Frank Durham and Test Dog # 2

Denard Quillen and Test Dog # 1.

Flight B "12 Point Corner" Land Triple with a Diversion Shot – Blind & Walk Up 

Judges Duwayne Bickel & Jim Wonnel 

Judges Jim Wonnel and Duwayne Bickel.

Following a short drive around the property, we arrive at Flight B, or, "12 Point Corner," so named for the 12-point buck Frank Durham shot in this area.

The test, a walk up land triple with a diversion shot blind, is set in a high brush area that opens into a cut corn field to the right, flanked by a line of trees to the left. The wind is blowing from the left at around 7 mph, at times gusting to around 10 mph. The area in front of the blind rises slightly into the distance. The Judges put together a challenging test. To the left of the line, a rooster pheasant is thrown to the right at 59 yards, almost away from the line near the trees on the left. The second rooster is thrown from to the right landing at 89 yards in/near standing corn stalks. The rooster flyer is shot to the right at 105 yards. Finally, the blind is planted just inside the standing corn stalks, straight from the line. Typically, the dogs have been sent to retrieve the flyer first, followed by the left bird (upon returning with this bird, a diversion shot is fired to set up the blind), the second dead rooster and, finally, the blind. The test is running just over 5 minutes per dog, with all dogs staying pretty level with their work.

Work has been fairly consistent. The temperature is still cool as the morning moves along. The sun, when it decides to come out, makes a great deal of difference in temperature providing relief from the cool breeze.

By 6:00 pm, around 76 dogs had completed the test, the clouds withheld their stronghold of the skies dropping a few raindrops on the "12 Point Corner." The temp remained cool and the winds seemed to calm at this darkening hour of the day, down to 5 mph.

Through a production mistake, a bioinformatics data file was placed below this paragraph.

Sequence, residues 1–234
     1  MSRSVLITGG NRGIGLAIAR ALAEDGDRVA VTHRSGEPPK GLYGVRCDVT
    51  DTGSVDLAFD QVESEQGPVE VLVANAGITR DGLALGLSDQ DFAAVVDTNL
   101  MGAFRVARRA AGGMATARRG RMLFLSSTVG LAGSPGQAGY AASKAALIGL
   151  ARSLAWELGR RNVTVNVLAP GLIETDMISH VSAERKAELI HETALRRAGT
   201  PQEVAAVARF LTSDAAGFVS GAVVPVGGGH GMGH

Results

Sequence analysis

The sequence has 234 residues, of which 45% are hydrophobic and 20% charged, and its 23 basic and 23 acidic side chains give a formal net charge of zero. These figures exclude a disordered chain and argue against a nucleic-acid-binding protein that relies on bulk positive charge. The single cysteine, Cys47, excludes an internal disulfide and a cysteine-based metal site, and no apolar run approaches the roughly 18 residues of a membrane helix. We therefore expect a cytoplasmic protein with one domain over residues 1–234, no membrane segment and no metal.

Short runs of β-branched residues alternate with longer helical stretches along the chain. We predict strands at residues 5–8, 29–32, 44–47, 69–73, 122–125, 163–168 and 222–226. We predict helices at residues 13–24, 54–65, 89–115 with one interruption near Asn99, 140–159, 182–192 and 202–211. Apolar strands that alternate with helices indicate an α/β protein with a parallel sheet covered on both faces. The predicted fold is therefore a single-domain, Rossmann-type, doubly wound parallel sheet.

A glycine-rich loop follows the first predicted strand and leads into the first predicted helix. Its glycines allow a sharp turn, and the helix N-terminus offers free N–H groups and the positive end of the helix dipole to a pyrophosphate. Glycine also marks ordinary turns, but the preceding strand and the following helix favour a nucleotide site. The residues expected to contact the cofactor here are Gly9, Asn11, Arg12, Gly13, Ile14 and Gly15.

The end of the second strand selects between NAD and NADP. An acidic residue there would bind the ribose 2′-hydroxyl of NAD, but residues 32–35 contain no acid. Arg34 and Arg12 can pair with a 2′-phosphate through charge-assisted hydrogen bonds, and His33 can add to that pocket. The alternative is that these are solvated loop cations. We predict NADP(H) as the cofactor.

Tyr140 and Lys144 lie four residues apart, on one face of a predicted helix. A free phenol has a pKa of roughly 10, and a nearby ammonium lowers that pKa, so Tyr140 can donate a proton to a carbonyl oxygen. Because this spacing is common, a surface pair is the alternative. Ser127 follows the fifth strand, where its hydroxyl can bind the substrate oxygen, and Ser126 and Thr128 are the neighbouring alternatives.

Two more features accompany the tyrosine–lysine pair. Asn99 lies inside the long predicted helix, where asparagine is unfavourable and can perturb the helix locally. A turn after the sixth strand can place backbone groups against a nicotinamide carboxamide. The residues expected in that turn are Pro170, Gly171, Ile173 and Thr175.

Reports from the workers say there were 28 handles out of 34 dogs and 7 known pickups during the mid-afternoon hours.

Thanks to the Sponsors for providing the tents for the holding blinds.
Ida Richards and "Spook"

Bruce Halverson and "Flip"

Janet Peters and Ron Sauls

The Gallery seems happy, despite the cold.

Flight C "Wet Willie" Land/Water Triple with a Walk Up and Honor 

Judges Martha Kress & Dave Illias

Judges Dave Illias and Martha Kress.

This test, nicknamed "Wet Willie" because of the torrential downpour and sudden thunderstorm that called off work during test set-up, is a land/water triple with a walk up and honor and Judged by Martha Kress and Dave Illias.

There is a small pond of water in front of the line, surrounded by some high grasses. On the far side of the left corner of this pond, there are a few rows of standing corn. The wind was blowing at a steady 12 mph from the northwest, blowing in on the handlers from the right. In the early part of the morning, during one of the running of the test dogs, a test dog from Flight B decided to make an appearance...running from some 1500 yards away straight into this test! Both dogs were called in and were rerun following the surprise guest appearance.

The first mallard drake was thrown from to the right, landing in a wet patch 46 yards away from the right of the line. The second mallard drake was thrown from to the left, landing straight away from the line creating a line through the small pond at 71 yards. The final bird was a flyer, shot from to the right, along the corn rows at 71 yards, shot far enough away that the dog needs to run through the small pond. The order was the flyer first, the right bird and then the middle bird. Within the first ten dogs, there were 2 pick-ups and three handles--this is going to be a challenge!

After just 11 dogs there was a re-bird, completed in just over a minute! These volunteers are working hard! Thanks again to all of you, you are doing a great job.

By the mid-afternoon hours, "Wet Willie" was moving along quickly as dog #23 had taken the line at around 5:00 pm. Reports say that this Flight will be moving on tomorrow sometime before the lunch hour.

All-in-all, 22 handles and 6 pick-ups were reported through dog #23. Work had improved over the 1:00-3:00 pm hours as the wind leveled and shifted. At around 5:00 pm the work returned to the same satisfactory levels as the morning hours. Note: there was 1 no-bird for #191.

Becky Malphus and Lyle Steinman sport eye-catching head gear.


Master National Running Order

  • Flight Draw & Running Order

  • Dorchester Star Articles

  • September 30 Article
  • October 4 Article